Is it fair for people on probation to present additional proof of their need for medical marijuana to judges? The Colorado Supreme Court is set to make a decision on this matter. This comes after Alysha Walton agreed to probation after she was arrested for speeding and driving under the influence and pleaded guilty in El Paso County in 2017. Her lawyer requested a hearing where he argued that she be allowed to continue receiving medical marijuana while serving her sentence, but the judge said that her doctor would have to testify.
Data from the Department of Public Health and Environment in Colorado shows that there are at least 80,000 people who have valid medical marijuana cards, and a quarter of these are patients from El Paso County. Therefore, it is hard to predict how many people have issues with these kinds of stipulations as conditions for those on probation.
No doctor was willing to testify on her behalf; therefore, Walton appeared at her hearing with only her medical card and a letter from a doctor despite being advised otherwise by the court. Eventually, the court ruled against her, and she was required to stop using medical marijuana during her probation. The Colorado Public Defenders office argued that the restriction was an abuse of the court’s power by the judge since she presented the documentation needed to support her need for medical marijuana.
According to Jay Tiftickjian, a law allowing people on probation to use medical marijuana was passed in 2015, although it is still not clear to what extent this law is being implemented because he still gets countless emails from people on probation requiring to use medical marijuana but are not allowed. Due to the colossal amount of inquiries, his firm added a page to their website for answering some of the common questions.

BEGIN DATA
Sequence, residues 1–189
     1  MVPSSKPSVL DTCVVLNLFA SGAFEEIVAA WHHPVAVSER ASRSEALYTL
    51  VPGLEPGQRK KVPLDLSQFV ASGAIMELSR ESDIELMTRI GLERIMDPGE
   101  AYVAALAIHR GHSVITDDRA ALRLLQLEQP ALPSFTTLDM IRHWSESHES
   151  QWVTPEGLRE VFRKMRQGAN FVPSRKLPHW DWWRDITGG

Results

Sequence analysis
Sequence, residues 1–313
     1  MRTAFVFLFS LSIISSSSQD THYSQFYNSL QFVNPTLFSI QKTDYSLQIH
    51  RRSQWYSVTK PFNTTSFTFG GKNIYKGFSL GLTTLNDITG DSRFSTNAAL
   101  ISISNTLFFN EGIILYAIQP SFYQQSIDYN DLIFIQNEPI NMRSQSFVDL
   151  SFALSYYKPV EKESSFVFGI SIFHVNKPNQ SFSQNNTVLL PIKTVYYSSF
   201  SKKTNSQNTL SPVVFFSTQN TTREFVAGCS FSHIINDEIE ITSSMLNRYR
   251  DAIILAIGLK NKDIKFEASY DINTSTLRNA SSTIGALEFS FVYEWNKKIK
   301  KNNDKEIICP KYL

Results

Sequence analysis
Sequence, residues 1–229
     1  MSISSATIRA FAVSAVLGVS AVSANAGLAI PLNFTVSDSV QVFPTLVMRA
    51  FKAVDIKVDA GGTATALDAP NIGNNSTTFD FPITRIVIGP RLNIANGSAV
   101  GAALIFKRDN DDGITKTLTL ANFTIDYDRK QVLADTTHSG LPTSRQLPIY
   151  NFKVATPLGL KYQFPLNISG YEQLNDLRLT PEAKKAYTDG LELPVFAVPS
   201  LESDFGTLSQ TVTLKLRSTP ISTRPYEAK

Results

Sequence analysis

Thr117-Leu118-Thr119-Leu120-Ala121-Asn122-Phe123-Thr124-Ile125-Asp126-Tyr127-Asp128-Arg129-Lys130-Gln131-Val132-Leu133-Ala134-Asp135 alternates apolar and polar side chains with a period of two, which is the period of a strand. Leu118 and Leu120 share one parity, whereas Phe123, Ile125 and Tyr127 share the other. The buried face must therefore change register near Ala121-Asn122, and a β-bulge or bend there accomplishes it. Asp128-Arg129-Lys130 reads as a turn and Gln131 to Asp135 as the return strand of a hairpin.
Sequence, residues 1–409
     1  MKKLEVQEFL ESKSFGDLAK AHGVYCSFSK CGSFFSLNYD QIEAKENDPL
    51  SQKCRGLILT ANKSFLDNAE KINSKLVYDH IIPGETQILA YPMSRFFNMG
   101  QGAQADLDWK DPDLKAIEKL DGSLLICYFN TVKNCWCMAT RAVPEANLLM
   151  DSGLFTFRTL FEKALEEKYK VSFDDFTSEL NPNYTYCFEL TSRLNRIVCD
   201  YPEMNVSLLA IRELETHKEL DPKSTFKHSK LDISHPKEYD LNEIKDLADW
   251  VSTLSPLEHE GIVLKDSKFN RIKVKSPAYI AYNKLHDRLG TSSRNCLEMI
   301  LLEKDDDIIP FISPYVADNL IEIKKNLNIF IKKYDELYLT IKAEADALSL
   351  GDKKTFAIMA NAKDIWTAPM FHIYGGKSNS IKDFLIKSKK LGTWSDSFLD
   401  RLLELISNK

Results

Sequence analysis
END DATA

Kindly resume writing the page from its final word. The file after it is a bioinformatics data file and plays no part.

According to Tiftickjian, a judge’s view on weed can affect his decision where one judge may permit the use of medical cannabis while another may issue a strict sentence when asked for permission to seek medical marijuana treatment.
Tiftickjian had a client, John West, who was arrested for driving under the influence of alcohol in Jefferson County. The Judge gave West two options, either give up driving or retain his access to medical marijuana for two years. He gave up access to medical marijuana, went on anxiety medication and completed his probation and later went back to using medical marijuana.
One of the public defenders working on Walton’s case, Cayne Duncan, in his brief, wrote that the judge is supposed to look at the facts of medical marijuana enrollment. He further wrote that the judge would be abusing the court’s powers by issuing a requirement for a doctor to present the facts written in the letter.
The district attorney defended the ruling saying that the judge acted within the authority, which stipulates that a doctor should appear and testify on the need for medical marijuana by the patient.
A case challenging the requirement for a doctor to testify in support of a convict’s need to continue using medical marijuana as they serve their probationary period is now before the State Supreme Court. Marijuana industry experts believe that companies like ChineseInvestors.com Inc. (OTCQB: CIIX) and MustGrow Biologics Corp. (CSE: MGRO) will be hoping that the highest court in the state removes the added requirements for people on parole who want to use medical marijuana to manage their health conditions.
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